The longest and shortest held Olympic records
Bob BeamonInstantly, the infamous long jump by Bob Beamon in the 1968 Mexico City games comes to mind. Beamon set not only the Olympic record with his jump of 8.9 meters, but also cleared the world record of 27 feet 4 inches.
He was the first of his time to not only clear the 28 foot mark, but also leap further than the 29 foot mark (his jump equated to 29 feet 2 inches). Although his world record was beaten in 1991 by Mike Powell, his Olympic record still stands to this day.
Jesse OwensIn a tense head to head battle against German athlete Luz Long, who he later became life long friends with despite the racist ideology of 1936 Germany, Jesse Owens managed to secure the long jump Olympic record. With a leap of 26 feet, 5 ½ inches, Owens secured a record that would hold for 24 years.
Marjorie Gestring and Inge Sorensen13 year old springboard diver Marjorie Gestring represented the USA at the 1936 Summer Olympics in Berlin. Gestring has set the record as the youngest gold-medal winner in Olympic history, which has not been broken to date.
The same games set the Olympic record for the youngest Olympic medallist in history, with Inge Sorensen representing Denmark in the 200 meter breaststroke, and taking a bronze medal aged just 12 years 24 days old.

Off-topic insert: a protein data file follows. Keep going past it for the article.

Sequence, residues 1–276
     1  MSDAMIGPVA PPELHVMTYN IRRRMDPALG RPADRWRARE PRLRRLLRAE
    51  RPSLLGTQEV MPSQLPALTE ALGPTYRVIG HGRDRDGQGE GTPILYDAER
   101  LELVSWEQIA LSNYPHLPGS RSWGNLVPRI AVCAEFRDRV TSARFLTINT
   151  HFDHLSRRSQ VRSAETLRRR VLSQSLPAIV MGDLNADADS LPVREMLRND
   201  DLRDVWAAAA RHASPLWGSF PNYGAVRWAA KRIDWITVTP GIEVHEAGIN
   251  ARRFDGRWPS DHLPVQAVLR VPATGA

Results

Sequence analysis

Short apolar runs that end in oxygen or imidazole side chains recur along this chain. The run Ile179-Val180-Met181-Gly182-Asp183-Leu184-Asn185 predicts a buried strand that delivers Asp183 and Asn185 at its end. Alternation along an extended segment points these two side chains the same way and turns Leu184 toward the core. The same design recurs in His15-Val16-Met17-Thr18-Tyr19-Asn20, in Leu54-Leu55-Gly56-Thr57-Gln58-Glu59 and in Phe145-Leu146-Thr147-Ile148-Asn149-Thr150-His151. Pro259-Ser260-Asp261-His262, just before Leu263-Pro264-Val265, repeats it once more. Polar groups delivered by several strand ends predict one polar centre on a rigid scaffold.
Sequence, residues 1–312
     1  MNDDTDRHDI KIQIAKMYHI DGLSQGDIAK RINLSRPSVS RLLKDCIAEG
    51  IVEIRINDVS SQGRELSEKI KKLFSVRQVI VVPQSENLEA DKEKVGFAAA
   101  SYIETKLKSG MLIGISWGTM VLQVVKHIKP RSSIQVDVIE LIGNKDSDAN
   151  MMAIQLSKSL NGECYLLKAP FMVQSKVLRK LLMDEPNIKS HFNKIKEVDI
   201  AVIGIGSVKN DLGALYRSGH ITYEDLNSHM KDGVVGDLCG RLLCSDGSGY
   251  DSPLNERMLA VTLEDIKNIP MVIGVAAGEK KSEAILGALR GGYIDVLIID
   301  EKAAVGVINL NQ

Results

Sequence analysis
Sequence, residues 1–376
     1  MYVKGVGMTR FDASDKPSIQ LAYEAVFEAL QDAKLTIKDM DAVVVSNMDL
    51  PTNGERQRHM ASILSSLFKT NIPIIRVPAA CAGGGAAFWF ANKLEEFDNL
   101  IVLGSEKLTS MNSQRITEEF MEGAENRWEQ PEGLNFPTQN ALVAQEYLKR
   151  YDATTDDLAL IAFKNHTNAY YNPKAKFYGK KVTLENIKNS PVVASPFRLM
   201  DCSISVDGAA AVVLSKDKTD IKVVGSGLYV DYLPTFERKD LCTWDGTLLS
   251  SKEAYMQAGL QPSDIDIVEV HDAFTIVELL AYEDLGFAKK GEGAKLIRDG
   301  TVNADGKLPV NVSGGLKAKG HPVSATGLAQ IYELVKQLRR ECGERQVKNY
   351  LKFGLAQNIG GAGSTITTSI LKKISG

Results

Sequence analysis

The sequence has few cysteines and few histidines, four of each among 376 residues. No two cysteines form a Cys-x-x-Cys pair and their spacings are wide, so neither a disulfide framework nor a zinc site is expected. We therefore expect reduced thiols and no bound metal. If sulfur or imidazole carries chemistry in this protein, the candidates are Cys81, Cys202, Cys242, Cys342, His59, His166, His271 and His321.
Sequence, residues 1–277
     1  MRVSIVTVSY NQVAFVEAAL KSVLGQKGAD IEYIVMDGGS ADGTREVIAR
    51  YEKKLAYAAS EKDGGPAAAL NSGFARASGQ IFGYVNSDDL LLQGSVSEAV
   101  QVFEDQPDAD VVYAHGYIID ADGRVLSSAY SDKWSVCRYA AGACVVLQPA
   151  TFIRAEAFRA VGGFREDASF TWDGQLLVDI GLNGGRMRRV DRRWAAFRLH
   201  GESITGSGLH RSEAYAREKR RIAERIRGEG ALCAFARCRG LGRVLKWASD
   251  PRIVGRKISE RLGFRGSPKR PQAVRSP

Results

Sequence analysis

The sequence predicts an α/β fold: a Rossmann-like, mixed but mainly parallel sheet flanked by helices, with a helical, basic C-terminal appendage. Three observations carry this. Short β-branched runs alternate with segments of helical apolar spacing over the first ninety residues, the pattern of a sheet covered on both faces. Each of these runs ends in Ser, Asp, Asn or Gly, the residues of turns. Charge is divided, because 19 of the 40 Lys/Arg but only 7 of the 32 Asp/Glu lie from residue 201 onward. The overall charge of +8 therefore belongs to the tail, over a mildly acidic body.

Jarmila KratochvilovaCzech sprinter Jarmila Kratochvilova holds the longest surviving record in women’s track and field, by running 800 meters in 1 minute and 53 seconds at the 1983 Olympics. There has been wide speculation of Kratochvilova’s use of performance-enhancing drugs, but these have never been proven.
Naim SüleymanoğluA tough weightlifting battle at the 1996 Atlanta Olympics between Turkish Süleymanoğlu and Greek Valerios Leonidis saw a stream of world records set and immediately broken.
After the pair traded 3 world record lifts, Süleymanoğlu lifted 413.37, followed by Leonidis failing in his 418.88 pounds attempt, and subsequently bursting into tears. Leonidis was a world record holder for merely minutes, before his final failure.
Thierry VigneronFrench Vigneron set the world record for pole volting in the Rome 1984 Olympics, at 5.91 meters. However, this victory was extremely short lived, as fellow competitor Sergey Bubka took his turn straight after Vigneron, and broke his record with a 5.94m victory.
Guiseppe Gentile and Nelson PrudencioAs if it wasn’t hard enough for one person to have a world record snatched from their grasp – it gets even worse when two people have it taken… in the same competition. Italy’s Giuseppe Gentile first broke the record with a 17.10 metre jump in the men’s triple jump, and then smashed his own record the next day with a 17.22 metre jump.
Viktor Saneyev later broke this record with a 17.23 metre jump, but was soon beaten by Brazillian Nelson Prudencio with a 17.27 m jump. Not one to be outdone, Saneyev completed the day by leaping an outstanding 17.39m, and securing his world record.
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